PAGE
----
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Jesus' Cousin John (the Baptist): "No One Greater" (Bonus Section)

SERIES INFO: This series of blog articles will include topics (and bonus sections) I couldn't fit into my book Reintroducing Jesus: Uncovering Jesus of Nazareth in the Misinformation Age.


In Reintroducing Jesus we looked at Jesus’ family, but we skipped an important member: Cousin John—better known as John the Baptist (not to be confused with Jesus’ disciple John). John the Baptist was a big deal. He was the first prophet in Israel in 430 years. Jesus said there was "no one greater" (Matthew 11:11).

To be as clear, “the Baptist” doesn’t denote John’s denomination, such as “John the Pentecostal” or “John the Anglican.” Christian denominations wouldn’t exist yet for a long, long time. He’s called this because he baptized people, so perhaps to avoid confusion we should call him John the Baptizer, as some do. But I think you’re sharp enough not to get confused.

After Jesus’ mother learned she was pregnant through a supernatural act of the Holy Spirit, she went to stay with Elizabeth, her cousin, who was pregnant with John. If we assume Elizabeth is Mary’s first cousin, this would make John Jesus’ first cousin once removed.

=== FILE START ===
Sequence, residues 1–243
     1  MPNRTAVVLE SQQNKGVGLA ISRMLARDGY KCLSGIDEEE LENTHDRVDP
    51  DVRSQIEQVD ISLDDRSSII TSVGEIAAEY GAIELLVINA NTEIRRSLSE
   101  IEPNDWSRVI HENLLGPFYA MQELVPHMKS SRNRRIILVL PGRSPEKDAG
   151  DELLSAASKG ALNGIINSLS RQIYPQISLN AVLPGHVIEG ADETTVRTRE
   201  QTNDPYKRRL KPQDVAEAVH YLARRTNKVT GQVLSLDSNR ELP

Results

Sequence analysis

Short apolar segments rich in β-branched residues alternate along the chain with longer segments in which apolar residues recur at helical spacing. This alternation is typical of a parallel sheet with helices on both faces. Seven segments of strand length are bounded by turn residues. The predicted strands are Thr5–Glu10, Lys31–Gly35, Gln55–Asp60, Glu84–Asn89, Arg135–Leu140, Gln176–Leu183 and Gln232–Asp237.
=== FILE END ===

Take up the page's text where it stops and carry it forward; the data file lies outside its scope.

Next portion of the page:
Elizabeth was barren and past child-bearing years. While her husband, Zechariah (not to be confused with the Old Testament prophet), a priest, was serving in the temple, the angel Gabriel appeared to him. The angel told him that Elizabeth would give birth and to name the boy John. Zechariah basically replied, “That’s crazy talk!” and he was struck dumb (Luke 1:5–25). Yes, it was pretty dumb to talk back to an angel of God. (I mean dumb in the other way.) So, Zechariah couldn’t talk, and for a good nine months Elizabeth could complain all she wanted about feeling bloated and uncomfortable, and Zechariah was a good husband who quietly listened. Six months before Jesus’ birth, John was born. When Zechariah wrote down that his son’s name was to be John, his ability to speak immediately returned (Luke 1:57–66).

Unlike Jesus in Luke’s gospel, we don’t get any glimpses into John’s childhood. The next time John is mentioned, he’s all grown and already shaking things up. Luke, a careful historian, gives us enough information for us to know that John’s ministry started around AD 26 along the Jordan River (Luke 3:1–3).


Sadly, John made some powerful people angry and ended up with his head on a platter—literally. Herod Antipas, ruler of Galilee, had stolen his half-brother’s wife, Herodias, and John condemned their adultery. (My guess is Herod wanted the perfect combined celebrity couple’s name—like Bennifer or Kimye or Brangelina—but marrying Herodias was just easier.) In the Gospels, John is arrested for calling out Herod Antipas for stealing his brother’s wife and executed by Antipas because of the influence of Herodias (Matthew 14:1–12; Mark 6:14–29).

Ancient Jewish historian Josephus (who also writes of Jesus and James, Jesus’ brother) confirms that Antipas arrested John but gives a different reason: Antipas was threatened by the following John was amassing and feared rebellion.